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Apple Partner JAMF Goes for IPO with Rising Demand for Apple Products

UTC by Bhushan Akolkar · 3 min read
Apple Partner JAMF Goes for IPO with Rising Demand for Apple Products
Photo: Unsplash

With more number of businesses leaning towards Apple products, JAMF saw its revenue jumped 37% from the previous year, it was $60.4 million during the first quarter of 2020.

Founded in 2002, JAMF finally considers going for a public listing due to the growing demand for Apple Inc (NASDAQ: AAPL) products among businesses. In its IPO prospectus, the company said that it’s on a mission to “help organizations succeed with Apple”.

In the prospectus, JAMF also wrote that it takes price in tieing its fortune to the $1.5 trillion tech giant. Since its inception in 2002, JAMF has helped companies deploy Apple’s different lines of products. The company works in close coordination with businesses and provides them different tools to integrate Apple machinery at their end.

In the first quarter this year, JAMF’s revenue jumped 37% from the previous year, now at $60.4 million. Additionally, as more customers moved to its subscription plans, the company’s gross margin also jumped to 75% from 70%. JAMF still continues to be in losses, however, they have narrowed from $9 million to $8.3 million.

As we can see, JAMF started its association with Apple even before the tech giant shot to fame with its iPhone release. Although Apple had its Mac computers available in the market before the iPhone launch, they weren’t as popular as today. A majority of businesses then relied majorly on Windows PCs. It was only after Apple’s mammoth success, businesses started taking a closer look at Apple products. In its industry background section of the IPO prospectus, JAMF wrote:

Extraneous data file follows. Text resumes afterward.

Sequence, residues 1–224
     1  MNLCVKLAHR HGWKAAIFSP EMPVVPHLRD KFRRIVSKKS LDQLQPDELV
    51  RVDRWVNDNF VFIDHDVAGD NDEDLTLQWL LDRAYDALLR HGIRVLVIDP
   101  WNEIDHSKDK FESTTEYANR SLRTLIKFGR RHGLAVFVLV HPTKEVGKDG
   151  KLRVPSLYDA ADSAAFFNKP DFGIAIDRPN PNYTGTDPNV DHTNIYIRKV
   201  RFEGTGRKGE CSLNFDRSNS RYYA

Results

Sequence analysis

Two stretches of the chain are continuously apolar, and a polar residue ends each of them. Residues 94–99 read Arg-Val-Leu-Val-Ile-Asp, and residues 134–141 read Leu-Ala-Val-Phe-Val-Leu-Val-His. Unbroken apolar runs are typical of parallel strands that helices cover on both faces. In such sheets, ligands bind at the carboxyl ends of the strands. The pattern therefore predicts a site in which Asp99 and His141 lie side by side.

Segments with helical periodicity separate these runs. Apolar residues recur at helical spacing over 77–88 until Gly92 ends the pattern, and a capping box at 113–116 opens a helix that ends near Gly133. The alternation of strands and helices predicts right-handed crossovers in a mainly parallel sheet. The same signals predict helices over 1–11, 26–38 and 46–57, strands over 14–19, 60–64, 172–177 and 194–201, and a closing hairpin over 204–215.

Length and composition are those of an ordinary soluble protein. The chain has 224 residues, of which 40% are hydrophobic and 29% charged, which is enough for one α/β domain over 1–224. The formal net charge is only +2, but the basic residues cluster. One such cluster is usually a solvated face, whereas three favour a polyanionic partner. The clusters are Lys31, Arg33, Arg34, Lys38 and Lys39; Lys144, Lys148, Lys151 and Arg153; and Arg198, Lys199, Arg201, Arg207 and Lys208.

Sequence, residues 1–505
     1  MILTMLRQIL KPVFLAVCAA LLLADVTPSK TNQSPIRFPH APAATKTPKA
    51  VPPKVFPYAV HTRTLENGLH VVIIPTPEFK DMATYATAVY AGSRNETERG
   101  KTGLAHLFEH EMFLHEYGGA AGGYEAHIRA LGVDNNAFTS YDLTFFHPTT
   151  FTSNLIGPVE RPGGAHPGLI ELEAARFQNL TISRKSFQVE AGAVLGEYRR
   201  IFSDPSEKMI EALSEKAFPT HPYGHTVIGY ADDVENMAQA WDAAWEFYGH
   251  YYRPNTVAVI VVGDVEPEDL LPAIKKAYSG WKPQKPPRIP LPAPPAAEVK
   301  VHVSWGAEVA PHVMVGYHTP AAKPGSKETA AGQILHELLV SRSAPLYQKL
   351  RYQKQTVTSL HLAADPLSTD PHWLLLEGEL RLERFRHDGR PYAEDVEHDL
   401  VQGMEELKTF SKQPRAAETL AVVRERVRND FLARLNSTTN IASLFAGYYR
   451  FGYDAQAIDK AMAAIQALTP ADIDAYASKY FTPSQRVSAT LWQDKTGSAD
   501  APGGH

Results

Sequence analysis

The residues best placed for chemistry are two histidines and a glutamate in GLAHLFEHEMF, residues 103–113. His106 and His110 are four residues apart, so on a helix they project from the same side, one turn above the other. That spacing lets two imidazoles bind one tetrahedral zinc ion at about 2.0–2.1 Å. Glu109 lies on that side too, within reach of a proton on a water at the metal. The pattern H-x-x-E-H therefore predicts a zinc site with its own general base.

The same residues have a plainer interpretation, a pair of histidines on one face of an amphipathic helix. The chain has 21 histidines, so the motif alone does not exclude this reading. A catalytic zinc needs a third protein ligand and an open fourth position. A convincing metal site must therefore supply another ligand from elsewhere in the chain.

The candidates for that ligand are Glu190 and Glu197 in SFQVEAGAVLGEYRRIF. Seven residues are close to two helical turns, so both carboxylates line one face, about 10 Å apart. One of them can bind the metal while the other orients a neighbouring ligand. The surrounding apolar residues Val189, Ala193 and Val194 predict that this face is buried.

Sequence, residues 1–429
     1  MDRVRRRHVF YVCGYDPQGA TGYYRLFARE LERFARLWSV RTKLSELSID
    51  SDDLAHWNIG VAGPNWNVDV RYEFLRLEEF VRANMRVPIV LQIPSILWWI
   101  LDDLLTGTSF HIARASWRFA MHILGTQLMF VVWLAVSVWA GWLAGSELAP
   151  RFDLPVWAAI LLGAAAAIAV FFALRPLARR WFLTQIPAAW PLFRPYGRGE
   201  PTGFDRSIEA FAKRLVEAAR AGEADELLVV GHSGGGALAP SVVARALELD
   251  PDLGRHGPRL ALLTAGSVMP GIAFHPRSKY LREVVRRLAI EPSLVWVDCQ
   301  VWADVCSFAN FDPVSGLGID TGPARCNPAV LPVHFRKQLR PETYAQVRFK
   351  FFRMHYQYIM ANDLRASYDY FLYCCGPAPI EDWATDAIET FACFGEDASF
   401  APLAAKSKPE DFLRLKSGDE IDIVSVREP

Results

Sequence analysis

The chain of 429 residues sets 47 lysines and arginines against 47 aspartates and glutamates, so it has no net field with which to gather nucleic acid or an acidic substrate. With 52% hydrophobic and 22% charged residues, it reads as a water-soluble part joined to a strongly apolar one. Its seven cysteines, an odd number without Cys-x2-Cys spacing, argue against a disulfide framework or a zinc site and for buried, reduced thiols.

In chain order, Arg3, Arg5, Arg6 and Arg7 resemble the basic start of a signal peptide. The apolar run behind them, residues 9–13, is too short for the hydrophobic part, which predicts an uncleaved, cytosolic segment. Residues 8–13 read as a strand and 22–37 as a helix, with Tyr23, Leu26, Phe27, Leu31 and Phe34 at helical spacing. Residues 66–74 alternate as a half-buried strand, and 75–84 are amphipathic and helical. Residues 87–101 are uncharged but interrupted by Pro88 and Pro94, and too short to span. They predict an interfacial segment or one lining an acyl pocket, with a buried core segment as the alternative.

“Apple is ubiquitous. It has transformed the technology landscape by placing the user first and designing everything around maximizing the Apple user experience.”

Rise in Demand for Apple Products among Businesses

Although JAMF has been an Apple partner since long back, it is only recently that the company saw the demand for Apple products among businesses. In its case studies, JAMF described how IBM decided to deploy a fleet of 30,000 Mac computers for its employees in just a six-month period. Similarly, just two years back in 2018, software giant SAP decided to integrate 80,000 iPhones and iPad for its employees.

JAMF’s current competitors are IBM, Microsoft, and VMware. However, none of these companies operate within the Apple ecosystem. Interestingly, JAMF can face competition from Apple itself after its recent acquisition Fleetsmith. Formed four years back, Fleetsmith providers businesses with software solutions to remotely configure wipe and deploy devices. JAMF said that Fleetsmith doesn’t pose an immediate threat as it is currently focused on small and medium-sized businesses. But the filing warns:

“Apple could leverage this platform, whether through additional investment or the consolidation of other competitors of ours, to compete more directly with the scale and breadth of product offerings we provide”.

In the prospectus, JAMF says that the recent COVID-19 crisis has shifted operational dynamics for companies. It noted that with offices and universities shifting to the work-from-home culture, companies will remain increasingly focused on remote management technologies. It notes that schools and health-care workers were more reliant on iPads and had to shift their immediately. JAMF said that this trend is here to stay for some time.

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